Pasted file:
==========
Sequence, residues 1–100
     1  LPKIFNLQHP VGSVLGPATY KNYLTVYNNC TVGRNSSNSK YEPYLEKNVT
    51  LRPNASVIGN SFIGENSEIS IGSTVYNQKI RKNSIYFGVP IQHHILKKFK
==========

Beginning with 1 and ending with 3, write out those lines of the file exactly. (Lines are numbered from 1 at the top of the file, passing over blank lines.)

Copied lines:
Sequence, residues 1–100
     1  LPKIFNLQHP VGSVLGPATY KNYLTVYNNC TVGRNSSNSK YEPYLEKNVT
    51  LRPNASVIGN SFIGENSEIS IGSTVYNQKI RKNSIYFGVP IQHHILKKFK